Issue No. 2, Article 6/April 4, 2008
Fungicide Seed Treatments and Poor-Quality Soybean Seed
Soybean seed with lower-than-normal germination, especially in certain maturity groups, is very common this year. This low germination is apparently due to thin seed coats, which make seeds more prone to mechanical damage. I have received a few questions about how fungicide seed treatments may impact germination on these seeds. Fungicides will not increase germination of poor-quality seeds when the poor quality is due to mechanical damage. If it is due to fungal infection, fungicide seed treatments could increase germination in some cases.
Increased risk of seedling blight could be associated with planting seeds with damaged seed coats. Research conducted in the 1970s at Ohio State University indicated that the quality of soybean seedlings that emerged from seeds with cracked or scarified seed coats was poorer than of seedlings that emerged from seeds with intact seed coats. Exudation of nutrients from seed with damaged seed coats can be greater than from seed with intact seed coats. This nutrient exudation can stimulate Pythium, a soilborne pathogen that can cause seedling blight of soybean. For this reason, treatment with a fungicide of seed with damaged seed coats could provide some protection against Pythium and other soilborne pathogens that can cause seedling blight.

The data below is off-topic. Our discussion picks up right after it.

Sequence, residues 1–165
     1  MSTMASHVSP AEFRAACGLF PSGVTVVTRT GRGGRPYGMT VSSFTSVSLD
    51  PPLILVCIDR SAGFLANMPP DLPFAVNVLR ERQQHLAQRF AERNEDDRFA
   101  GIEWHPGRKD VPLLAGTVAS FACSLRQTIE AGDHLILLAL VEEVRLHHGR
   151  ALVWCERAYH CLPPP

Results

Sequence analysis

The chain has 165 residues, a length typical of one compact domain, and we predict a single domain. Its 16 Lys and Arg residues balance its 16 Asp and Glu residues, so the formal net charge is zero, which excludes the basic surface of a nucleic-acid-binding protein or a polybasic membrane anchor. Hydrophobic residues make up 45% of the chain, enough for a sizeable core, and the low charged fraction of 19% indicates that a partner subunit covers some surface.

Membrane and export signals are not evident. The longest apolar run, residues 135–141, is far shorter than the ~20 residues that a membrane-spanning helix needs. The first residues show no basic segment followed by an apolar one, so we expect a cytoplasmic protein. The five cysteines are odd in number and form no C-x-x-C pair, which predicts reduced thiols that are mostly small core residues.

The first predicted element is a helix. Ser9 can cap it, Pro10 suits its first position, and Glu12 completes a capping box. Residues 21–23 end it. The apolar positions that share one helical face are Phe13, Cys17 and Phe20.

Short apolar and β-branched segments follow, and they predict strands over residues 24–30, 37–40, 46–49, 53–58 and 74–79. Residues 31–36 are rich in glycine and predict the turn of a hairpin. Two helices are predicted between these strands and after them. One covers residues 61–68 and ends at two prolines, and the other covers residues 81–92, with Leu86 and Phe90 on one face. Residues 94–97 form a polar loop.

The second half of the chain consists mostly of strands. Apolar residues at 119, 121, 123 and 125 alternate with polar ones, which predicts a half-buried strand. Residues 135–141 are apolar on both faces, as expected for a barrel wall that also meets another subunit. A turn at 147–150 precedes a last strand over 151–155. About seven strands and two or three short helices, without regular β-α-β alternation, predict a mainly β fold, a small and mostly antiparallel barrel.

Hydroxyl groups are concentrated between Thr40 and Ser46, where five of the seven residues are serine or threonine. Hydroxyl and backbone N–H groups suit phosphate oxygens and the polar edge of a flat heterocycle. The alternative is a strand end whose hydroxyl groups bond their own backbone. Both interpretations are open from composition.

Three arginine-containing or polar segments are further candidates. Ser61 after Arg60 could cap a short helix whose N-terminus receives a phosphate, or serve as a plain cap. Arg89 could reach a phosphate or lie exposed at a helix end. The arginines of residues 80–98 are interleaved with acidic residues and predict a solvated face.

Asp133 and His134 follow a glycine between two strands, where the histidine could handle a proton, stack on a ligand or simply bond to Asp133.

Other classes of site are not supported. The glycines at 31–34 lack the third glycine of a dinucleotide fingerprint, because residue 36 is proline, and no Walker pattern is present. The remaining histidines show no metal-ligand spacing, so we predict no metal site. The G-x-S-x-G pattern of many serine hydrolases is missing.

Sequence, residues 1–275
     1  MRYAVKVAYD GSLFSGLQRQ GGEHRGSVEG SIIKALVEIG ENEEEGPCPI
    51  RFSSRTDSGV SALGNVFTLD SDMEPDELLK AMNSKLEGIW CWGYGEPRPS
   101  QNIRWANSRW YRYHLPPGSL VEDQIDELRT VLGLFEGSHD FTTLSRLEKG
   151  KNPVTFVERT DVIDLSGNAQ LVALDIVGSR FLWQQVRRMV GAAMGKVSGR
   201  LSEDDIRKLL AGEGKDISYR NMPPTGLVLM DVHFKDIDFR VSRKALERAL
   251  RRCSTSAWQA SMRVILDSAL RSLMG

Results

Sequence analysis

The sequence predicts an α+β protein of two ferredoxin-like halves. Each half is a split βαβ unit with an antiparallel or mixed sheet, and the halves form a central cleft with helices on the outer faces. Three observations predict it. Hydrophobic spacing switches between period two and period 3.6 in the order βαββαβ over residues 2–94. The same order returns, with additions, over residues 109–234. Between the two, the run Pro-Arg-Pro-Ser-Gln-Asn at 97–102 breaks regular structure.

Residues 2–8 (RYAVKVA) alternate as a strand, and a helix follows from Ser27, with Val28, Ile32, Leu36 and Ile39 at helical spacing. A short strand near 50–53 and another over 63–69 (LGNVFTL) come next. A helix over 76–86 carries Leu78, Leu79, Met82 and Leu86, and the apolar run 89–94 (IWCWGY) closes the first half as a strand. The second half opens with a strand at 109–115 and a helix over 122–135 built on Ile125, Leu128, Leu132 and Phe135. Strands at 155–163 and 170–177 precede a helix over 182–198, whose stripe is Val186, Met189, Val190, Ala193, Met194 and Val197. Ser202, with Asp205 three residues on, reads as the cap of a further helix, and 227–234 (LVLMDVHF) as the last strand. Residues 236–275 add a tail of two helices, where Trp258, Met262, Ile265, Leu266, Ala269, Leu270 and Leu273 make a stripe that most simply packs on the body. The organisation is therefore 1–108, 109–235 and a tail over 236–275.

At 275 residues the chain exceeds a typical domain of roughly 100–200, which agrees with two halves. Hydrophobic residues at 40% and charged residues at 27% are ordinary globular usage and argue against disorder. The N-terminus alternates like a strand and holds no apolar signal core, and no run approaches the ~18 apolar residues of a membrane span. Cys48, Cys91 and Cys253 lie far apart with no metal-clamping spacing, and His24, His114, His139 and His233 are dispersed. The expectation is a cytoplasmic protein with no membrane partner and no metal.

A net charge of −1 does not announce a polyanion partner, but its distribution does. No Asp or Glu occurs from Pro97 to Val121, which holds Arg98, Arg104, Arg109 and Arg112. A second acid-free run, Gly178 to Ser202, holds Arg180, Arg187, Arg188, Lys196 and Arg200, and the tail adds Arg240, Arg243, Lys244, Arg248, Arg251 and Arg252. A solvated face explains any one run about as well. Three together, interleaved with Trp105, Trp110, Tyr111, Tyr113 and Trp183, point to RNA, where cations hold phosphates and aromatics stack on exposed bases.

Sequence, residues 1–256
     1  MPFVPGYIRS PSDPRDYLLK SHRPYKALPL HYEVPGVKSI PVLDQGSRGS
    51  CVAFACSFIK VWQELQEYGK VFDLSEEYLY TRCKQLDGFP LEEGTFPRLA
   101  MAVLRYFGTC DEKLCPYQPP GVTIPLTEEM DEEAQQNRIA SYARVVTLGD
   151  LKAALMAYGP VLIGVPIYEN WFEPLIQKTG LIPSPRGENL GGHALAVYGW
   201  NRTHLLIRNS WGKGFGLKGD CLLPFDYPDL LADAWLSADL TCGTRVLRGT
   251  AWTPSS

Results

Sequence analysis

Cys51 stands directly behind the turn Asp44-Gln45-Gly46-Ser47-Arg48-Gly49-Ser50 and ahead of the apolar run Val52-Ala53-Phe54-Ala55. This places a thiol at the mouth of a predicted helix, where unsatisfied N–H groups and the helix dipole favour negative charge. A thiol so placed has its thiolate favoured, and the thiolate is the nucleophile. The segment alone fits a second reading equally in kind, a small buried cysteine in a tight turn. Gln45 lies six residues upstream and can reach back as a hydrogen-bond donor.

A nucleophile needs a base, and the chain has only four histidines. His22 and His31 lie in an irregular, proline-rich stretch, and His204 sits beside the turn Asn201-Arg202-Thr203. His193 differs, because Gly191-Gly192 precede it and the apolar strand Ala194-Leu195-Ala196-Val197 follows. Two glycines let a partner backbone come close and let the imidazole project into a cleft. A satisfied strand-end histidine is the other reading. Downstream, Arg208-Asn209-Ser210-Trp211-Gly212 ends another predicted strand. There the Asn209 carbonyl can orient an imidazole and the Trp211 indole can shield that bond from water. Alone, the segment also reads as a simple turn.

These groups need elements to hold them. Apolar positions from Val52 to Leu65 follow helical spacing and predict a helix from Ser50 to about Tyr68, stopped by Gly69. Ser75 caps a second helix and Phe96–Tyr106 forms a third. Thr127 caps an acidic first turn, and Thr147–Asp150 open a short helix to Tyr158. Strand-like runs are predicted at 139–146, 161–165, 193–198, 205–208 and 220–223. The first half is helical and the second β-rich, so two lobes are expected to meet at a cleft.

A confounding factor is planting date. When planting into cool soils, fungicide seed treatments may have a bigger impact than when planting into warmer soils. Under cool soil conditions, seeds germinate more slowly and may be more at risk to some Pythium species that do well in low temperatures. With soils presently saturated across the state and forecasts for additional rain, it is unlikely that much "early" planting will occur. Later-planted fields will likely mean planting into warmer soils, where fungicide seed treatments may not provide a benefit.
Some seed companies have recommended not treating the "poor germination" soybean seed this year because of fear of increasing mechanical damage that could happen in the treating process. In these cases, a planter box treatment could be used. If the decision is made to treat soybean seeds or to use a planter box treatment, it is important to use a product that contains either mefenoxam or metalaxyl, both of which provide specific protection against Pythium. In addition, the product should contain at least one other active ingredient (fludioxonil, trifloxystrobin, carboxin, and others) that will provide protection against other pathogens.--Carl A. Bradley
Carl A. Bradley